Songs with Earlier Histories Than the Hit Version

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Tagged: Gordon Lightfoot

Early Morning Rain

First released by Ian & Sylvia (1965).
Hit versions by Peter, Paul & Mary (US #91/MOR #13 1965), George Hamilton IV (C&W #9 1966), Oliver (MOR #38 1971), Paul Weller (UK #40 2005).
Also recorded by The Grateful Dead (1965, released 2013), Gordon Lightfoot, writer (1966), Elvis Presley (1972).

From the wiki: “‘Early Morning Rain’ (sometimes ‘Early Mornin’ Rain’) was written by Canadian singer-songwriter Gordon Lightfoot. Lightfoot wrote and composed the song in 1964, but its genesis took root during a 1960 sojourn in Westlake, Los Angeles. Lightfoot sometimes became homesick and would go out to LAX on rainy days to watch the approaching aircraft. The imagery of the flights taking off into the overcast sky was still with him when, in 1964, he was caring for his 5-month-old baby son and he thought, ‘I’ll put him over here in his crib, and I’ll write myself a tune.’

Me and Bobby McGee

First recorded by Roger Miller (C&W #12 1969).
Other hit versions by Gordon Lightfoot (US #13/CAN #1 1970), Janis Joplin (US #1 1971).
Also recorded by Kenny Rogers & the First Edition (1969), The Statler Brothers (1970).

From the wiki: “Roger Miller was the first artist to record and to have a hit with ‘Me and Bobby McGee’, written by Kris Kristofferson (‘Help Me Make Through the Night‘, ‘Lovin’ Her Was Easier (That Anything I’ll Ever Do Again‘) and Fred Foster, peaking with it at #12 on the US Country chart in 1969.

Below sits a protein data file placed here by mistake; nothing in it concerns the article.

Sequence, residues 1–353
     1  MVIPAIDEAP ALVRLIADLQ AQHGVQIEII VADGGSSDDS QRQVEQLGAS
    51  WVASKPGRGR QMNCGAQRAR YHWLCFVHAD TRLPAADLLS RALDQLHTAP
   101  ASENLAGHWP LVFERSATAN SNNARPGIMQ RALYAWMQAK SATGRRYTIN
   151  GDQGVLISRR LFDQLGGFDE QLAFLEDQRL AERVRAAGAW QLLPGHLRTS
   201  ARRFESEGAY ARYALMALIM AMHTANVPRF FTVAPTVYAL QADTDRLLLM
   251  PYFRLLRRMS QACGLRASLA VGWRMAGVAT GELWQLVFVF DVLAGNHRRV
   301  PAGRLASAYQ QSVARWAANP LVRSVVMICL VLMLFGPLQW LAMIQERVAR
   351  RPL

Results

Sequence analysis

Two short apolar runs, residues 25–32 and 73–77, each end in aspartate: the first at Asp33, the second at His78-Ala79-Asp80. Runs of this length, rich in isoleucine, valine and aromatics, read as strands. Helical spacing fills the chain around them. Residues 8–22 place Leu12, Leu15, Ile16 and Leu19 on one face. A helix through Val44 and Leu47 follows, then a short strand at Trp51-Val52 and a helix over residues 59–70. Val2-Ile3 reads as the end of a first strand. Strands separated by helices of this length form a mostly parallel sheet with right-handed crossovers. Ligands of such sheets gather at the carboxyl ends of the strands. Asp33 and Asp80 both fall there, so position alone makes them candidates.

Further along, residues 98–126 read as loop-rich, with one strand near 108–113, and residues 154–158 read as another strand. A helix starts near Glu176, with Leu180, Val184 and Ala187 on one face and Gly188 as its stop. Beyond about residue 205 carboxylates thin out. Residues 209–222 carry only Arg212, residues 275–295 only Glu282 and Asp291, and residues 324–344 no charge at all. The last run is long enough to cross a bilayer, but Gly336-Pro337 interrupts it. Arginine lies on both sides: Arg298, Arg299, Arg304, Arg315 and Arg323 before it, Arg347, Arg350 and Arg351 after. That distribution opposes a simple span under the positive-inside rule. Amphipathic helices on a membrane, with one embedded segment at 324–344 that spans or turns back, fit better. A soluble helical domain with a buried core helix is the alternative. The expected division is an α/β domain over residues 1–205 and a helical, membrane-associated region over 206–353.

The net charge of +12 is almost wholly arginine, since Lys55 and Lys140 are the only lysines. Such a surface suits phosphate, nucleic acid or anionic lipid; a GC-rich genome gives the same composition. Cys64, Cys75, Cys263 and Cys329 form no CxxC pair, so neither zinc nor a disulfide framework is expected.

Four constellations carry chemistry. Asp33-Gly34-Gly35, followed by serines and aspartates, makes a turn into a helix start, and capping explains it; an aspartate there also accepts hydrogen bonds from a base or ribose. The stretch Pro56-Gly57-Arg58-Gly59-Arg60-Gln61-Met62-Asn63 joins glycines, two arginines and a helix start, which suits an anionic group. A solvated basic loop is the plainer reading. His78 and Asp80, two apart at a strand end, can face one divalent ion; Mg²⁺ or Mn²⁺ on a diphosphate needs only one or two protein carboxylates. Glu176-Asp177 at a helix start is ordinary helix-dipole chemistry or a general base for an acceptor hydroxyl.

“Kenny Rogers & the First Edition then covered the song (with Rogers on lead vocals), releasing it in on their album Ruby, Don’t Take Your Love To Town in 1969. Gordon Lightfoot’s 1970 recording hit #13 on the US pop chart and #1 country in his native Canada in 1970, and was also a Top-10 hit in South Africa in 1971.

“Just a few days before her death in October 1970, Janis Joplin covered the song for inclusion on her forthcoming Pearl album. Kristofferson had previously sung the song for Joplin, and singer Bob Neuwirth had taught it to her. Kristofferson, however, did not know Joplin had recorded ‘Me and Bobby McGee’ until after her death – the first time he heard it was the day after she died. Joplin’s version topped the charts in 1971 to become her only #1 single and, in 2004, her recording of ‘Me and Bobby McGee’ was ranked #148 on Rolling Stone’s list of the 500 Greatest Songs of All Time.

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